We briefly looked at washers and dryers again until the old guy said hello again and we left. I later looked online, but prices were much higher there. This makes it very difficult to intelligently pick a washer. But, I think I will get the set for about $499 each, putting my total cost of all appliances at around $3000, which is what I had originally budgeted. I'll also need a big TV eventually. $$$.

Sunday, April 22, 2007

Prepaying Mortgage vs Investing

I've been debating on whether or not to buy points on my mortgage, and then whether I should pay extra on the principal or not.

Let's tackle the second question first. There are many issues that disappear when you properly phrase the question. So, we'll have the goal of maximizing net worth at the end of the mortgage term.

House Appreciation: No matter how much of the house you own, it will appreciate at the same rate. Paying down the principal does not affect the value of your house. The only time paying down the principal helps with regards to house appreciation is if you sell it earlier or refinance the loan. You will then get more money from the sale or have to finance less. In my case, where I'd be more likely to keep the house and rent it out after I move, this is completely irrelevant to my final net worth.

Rate of Return: The rate of return on an investment makes all the difference. If the interest rate on the loan is 6% (as mine is likely to be), then paying down principal is effectively a 6% investment. This beats CDs and high-yield savings accounts, and is a guaranteed rate of return. However, the stock market in general tends to beat an 8% rate of return. For instance, last year I made about 14%. Currently, my E*TRADE account has earned 8.88% for the year (which is not a balanced account, and so fluctuates wildly).

Tax Considerations: Money invested is subject to income tax or capital gains tax. Assuming a 25% effective tax rate, my investments must earn a (.06/.75) = 8% rate of return. Well, my investments usually do earn 8% or greater! Plus, paying down principal reduces the amount of interest you pay, which increases your tax burden (interest being deductible).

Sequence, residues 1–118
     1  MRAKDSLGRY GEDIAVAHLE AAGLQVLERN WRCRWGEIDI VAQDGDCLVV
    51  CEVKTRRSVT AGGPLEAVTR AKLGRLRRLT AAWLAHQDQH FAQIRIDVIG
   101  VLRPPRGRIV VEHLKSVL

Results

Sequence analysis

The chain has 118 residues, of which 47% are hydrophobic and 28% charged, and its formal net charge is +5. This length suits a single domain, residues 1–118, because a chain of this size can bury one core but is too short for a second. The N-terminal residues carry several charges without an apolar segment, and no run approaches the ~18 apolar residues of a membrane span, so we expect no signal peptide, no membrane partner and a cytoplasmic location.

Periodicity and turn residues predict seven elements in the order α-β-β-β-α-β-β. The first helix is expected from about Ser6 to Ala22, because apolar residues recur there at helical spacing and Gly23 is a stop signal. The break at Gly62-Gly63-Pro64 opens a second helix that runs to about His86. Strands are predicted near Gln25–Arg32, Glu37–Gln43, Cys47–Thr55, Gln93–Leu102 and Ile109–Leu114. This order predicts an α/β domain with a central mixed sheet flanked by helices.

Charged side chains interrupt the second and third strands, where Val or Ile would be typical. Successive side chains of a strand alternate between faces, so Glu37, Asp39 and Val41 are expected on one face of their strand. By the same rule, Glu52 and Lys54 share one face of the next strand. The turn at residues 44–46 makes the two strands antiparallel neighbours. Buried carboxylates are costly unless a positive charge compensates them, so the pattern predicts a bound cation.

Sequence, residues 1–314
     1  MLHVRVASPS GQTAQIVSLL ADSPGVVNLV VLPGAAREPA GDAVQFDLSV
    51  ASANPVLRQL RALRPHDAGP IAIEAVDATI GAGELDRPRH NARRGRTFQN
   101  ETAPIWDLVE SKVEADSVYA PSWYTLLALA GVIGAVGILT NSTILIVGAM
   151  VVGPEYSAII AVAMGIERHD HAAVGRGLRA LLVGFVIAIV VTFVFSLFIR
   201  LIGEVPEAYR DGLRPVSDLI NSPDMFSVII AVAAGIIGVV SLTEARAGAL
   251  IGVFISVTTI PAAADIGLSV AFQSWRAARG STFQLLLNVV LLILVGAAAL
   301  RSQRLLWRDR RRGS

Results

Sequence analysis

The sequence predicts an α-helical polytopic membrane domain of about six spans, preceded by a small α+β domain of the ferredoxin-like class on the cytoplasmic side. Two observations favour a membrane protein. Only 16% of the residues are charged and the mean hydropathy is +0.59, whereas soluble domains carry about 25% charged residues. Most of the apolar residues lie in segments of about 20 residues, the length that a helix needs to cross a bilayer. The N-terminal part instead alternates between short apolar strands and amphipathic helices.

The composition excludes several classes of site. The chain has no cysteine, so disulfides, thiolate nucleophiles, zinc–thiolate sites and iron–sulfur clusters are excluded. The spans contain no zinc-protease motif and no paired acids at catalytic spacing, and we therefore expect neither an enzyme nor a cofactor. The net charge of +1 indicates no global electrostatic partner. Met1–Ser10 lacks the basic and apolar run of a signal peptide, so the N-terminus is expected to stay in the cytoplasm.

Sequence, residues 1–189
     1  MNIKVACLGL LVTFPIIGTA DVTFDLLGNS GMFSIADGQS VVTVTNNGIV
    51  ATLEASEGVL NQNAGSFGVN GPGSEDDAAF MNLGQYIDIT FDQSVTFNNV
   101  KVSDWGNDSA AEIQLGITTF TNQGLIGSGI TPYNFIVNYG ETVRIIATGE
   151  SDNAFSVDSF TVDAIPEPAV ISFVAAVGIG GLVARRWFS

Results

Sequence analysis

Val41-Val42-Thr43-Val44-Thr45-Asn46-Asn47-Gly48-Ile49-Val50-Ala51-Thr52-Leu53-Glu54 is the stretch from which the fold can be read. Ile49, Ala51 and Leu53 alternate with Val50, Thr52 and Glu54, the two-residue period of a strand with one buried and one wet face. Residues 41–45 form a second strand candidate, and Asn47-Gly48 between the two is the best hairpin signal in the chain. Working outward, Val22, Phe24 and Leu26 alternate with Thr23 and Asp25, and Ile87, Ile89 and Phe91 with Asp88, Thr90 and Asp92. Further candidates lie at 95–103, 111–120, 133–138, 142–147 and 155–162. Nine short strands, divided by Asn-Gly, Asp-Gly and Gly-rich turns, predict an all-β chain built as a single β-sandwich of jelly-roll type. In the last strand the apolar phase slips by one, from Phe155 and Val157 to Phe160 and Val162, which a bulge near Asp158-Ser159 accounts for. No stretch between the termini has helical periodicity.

Points: Buying points is an investment in a lower interest rate and a lower monthly payment. What is its rate of return? The value of a point varies over time and over the interest rate scale. For instance, currently moving from 6.125% to 6% costs .375 points, while moving from 5.875% to 5.75% costs .75 points. At 6%, my $232,000 loan has a monthly payment of $1,390. At 6.125%, it goes up to $1,410. 0.375 points costs me $870, and saves me $20/month, or $240/year. This is effectively a 25% return on investment. Given this new outlook on the value of points, I will need to talk to my mortgage guy again and figure out what is going on in more detail. Not every company has the same point scale, so it may just be that right now E*TRADE happens to have a favorable points system.

The other issue with points is that it also reduces the interest paid, and therefore increases your tax burden. Even still, the numbers above make it seem to be a solid investment.

Psychology: Even though paying down principal is logically a fairly conservative investment, there are a number of psychological advantages. First and most importantly, it feels good to not have so much debt, and to not have so many years left on the mortgage. Second, the more equity built, the more you feel like you have flexibility to sell or refinance. We'll see what I end up doing after my cash flow stabilizes (i.e., after I finish buying appliances, televisions, and furniture).

Monday, April 16, 2007

File server fixed!

I'm almost positive that my file server is fixed! I am very excited. I can now fill up the remaining 600GB (of 2048GB).

What was the problem, you ask? Well, it would appear that the voltage applied to the DIMM sockets was set at 1.9V instead of 2.1V. I'm not sure if I should blame the RAM's SPD data, or the BIOS for ignoring said data. I'm betting it's bad data on the RAM, because the Corsair Memory website listed both 1.9 and 2.1 as the tested voltage in two different places. They appear to be confused.